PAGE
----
WSR Detailed LaserDisc Review

Playing God

Reviewed In Issue 30 Of Widescreen Review® Stars:
David Duchovny, Timothy Hutton, Angelina Jolie

WSR Review Scores
Picture Rating: 3.5
Sound Rating: 3.5
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Reference Systems
Critics' Composite Score:
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DVD General Information
(Studio/Distributor): Touchstone Home Video
(Catalog Number): 10443AS
(MPAA Rating): R
(Retail Price): $39.98
(Running Time In Minutes): 94
(Color Type): Color
(Chaptered/Scene Access): Yes
(Closed Captioned): Yes
(Theatrical Release): 1997
(LD Release Date):
(THX® Digitally Mastered): No

Credits Information
(Director): Andy Wilson
(Screenplay/Written By): Mark Haskell Smith
(Music): Richard Hatley
(Director Of Photography):
(Production Designer): Naomi Shohan
(Visual Effects):
(Costume Designer):
(Editor): Louise Rubacky
(Supervising Sound Editors):
(Re-Recording Mixers):
(Executive Producers): Armyan Bernstein & Thomas A. Bliss
(Producers): Marc Abraham & Laura Bickford

DVD Picture Information
(Principal Photography): Academy Standard Flat
(Theatrical Aspect Ratio): 1.85:1
(Measured LaserDisc Aspect Ratio): 1.82:1

DVD Sound Information
(DVD Soundtrack): Dolby Digital Surround
(Theatrical Sound): Dolby Digital
(Theatrical Re-Issue Soundtrack):
(Remastered Dolby Digital): No
(Remastered DTS Digital Surround): No
(Additional Languages):

WSR Narrative Review
Story Synopsis:
In Playing God, a Los Angeles surgeon (David Duchovny) has been stripped of his medical license after performing an operation while incapacitated. After abandoning his career, he crosses paths with a ruthless criminal (Timothy Hutton), who hires the ex-surgeon as his “gunshot doctor” to treat associates who cannot risk visiting a hospital. The theatrical trailer is included with the DVD.

LaserDisc Picture:

LaserDisc Soundtrack:
(Surround Bass Below 50Hz): Yes
(Aggressive System Surround): Yes
(Intense 25Hz Bass): No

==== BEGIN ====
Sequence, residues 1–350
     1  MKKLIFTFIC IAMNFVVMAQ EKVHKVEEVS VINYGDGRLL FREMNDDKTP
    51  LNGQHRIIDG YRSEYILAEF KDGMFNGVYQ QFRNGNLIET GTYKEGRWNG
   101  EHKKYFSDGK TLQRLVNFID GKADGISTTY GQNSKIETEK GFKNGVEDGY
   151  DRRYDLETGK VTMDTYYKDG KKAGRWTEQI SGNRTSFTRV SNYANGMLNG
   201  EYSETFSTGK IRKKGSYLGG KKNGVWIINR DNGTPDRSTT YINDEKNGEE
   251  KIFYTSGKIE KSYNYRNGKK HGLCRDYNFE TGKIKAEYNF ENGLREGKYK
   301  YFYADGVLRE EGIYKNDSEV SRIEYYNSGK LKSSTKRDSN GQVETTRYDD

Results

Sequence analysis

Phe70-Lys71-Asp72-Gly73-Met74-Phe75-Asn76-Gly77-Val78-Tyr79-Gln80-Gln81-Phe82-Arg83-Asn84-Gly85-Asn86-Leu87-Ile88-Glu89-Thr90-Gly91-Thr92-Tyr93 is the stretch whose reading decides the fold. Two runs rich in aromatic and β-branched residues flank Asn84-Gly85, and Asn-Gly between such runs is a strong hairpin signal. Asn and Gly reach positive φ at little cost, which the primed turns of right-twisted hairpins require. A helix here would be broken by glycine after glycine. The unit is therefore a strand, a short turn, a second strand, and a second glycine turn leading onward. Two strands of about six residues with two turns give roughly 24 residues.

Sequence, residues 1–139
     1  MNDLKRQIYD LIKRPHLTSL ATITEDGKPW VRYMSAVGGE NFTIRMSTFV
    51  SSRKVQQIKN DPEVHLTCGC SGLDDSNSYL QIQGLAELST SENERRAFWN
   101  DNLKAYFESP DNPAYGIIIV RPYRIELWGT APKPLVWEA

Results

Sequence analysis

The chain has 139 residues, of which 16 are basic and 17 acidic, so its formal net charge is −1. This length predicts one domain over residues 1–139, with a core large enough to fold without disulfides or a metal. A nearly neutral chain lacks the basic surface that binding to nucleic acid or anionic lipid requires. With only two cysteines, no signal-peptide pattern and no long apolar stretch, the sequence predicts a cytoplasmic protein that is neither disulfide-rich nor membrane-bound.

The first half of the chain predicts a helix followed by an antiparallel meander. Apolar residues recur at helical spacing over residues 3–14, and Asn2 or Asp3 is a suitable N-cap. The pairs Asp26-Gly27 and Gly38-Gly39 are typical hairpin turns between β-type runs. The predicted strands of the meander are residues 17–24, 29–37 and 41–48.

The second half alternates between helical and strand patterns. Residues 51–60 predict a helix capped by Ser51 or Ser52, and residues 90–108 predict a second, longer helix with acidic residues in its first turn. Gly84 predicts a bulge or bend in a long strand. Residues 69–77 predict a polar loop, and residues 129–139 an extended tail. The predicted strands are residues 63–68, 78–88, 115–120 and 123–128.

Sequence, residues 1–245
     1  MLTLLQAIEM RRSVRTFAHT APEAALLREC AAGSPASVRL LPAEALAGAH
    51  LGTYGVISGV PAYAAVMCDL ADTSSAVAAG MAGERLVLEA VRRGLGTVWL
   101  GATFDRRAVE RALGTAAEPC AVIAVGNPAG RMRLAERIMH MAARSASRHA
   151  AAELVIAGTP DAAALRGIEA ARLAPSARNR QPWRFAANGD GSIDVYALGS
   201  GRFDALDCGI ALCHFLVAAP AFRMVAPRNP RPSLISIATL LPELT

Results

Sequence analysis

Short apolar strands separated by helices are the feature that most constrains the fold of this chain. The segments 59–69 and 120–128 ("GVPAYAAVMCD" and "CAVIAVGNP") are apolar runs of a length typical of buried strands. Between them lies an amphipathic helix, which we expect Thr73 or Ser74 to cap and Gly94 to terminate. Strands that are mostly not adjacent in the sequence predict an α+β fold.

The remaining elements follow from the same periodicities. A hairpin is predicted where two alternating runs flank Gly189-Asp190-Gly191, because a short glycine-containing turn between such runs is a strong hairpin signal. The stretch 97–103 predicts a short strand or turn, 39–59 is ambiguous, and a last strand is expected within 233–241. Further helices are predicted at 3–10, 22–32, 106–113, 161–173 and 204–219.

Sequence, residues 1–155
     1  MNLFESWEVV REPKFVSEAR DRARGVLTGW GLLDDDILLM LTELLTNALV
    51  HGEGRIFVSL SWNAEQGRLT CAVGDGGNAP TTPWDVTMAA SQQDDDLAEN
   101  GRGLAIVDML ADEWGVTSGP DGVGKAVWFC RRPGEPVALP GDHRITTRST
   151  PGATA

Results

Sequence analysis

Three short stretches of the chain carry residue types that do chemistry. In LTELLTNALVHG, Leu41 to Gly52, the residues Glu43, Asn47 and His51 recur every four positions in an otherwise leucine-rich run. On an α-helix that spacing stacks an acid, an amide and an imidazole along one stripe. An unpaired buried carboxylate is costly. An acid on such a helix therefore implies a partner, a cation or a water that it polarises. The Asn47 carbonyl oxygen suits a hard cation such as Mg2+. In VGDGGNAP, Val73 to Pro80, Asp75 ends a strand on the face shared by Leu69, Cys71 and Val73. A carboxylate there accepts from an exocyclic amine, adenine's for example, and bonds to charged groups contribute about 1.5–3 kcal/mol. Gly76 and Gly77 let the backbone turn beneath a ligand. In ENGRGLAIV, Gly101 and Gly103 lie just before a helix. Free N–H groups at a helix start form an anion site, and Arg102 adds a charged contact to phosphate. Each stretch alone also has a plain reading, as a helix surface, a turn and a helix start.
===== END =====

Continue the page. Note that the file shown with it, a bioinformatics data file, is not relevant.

(Deep Bass Challenging): No
(Aggressive 0.1 LFE):
(Holosonic Soundfield): No
(Aggressive Split Surround): No
(Center Back Surround Imaging): No
(Directionalized Dialogue): No
Superb Sound Effects Recording Quality:
Superb Music Score Recording Quality:
Superb Special Visual Effects Quality:
Superb Color Fidelity:
Superb Cinematography:
Reference LaserDisc:
Collector Edition:
DVD To LaserDisc Comparison:
The DVD, matted at 1.82:1, is not anamorphically enhanced and, with the exception of a slight improvement in sharpness and color saturation, looks quite similar to the LaserDisc. The LaserDisc appears slightly oversaturated with reddish fleshtones, while the DVD delivers more accurately rendered fleshtones. Colors are generally natural and fully saturated with deep blacks. Images are sharp and detailed, with improved fine detail in comparison with the LaserDisc. Sometimes both versions appear too dark and are wanting in better contrast and shadow delineation. The LaserDisc is also 1.82:1. The Dolby® Digital 5.1 discrete soundtrack on the DVD and LaserDisc sounds closed-in compared to the spatially open sounding matrix PCM soundtrack on the LaserDisc. Surround envelopment also is superior on the matrix version. The discrete often has no surround signal or it is at such a low level as to be inconsequential. There is center-focused bass rumble heard throughout the interior scenes on the Dolby Digital version that is subdued on the matrix. The Dolby Digital version sounds equalized with emphasized 80Hz bass and roll-off at the high frequencies. Dialogue often sounds natural with good spatial integration. Bass response is deep and occasional .1 LFE heighten the intensity. The music score is nicely recorded with a soundstage that sounds more expansive on the matrix version, while the discrete falls just short of a stellar experience.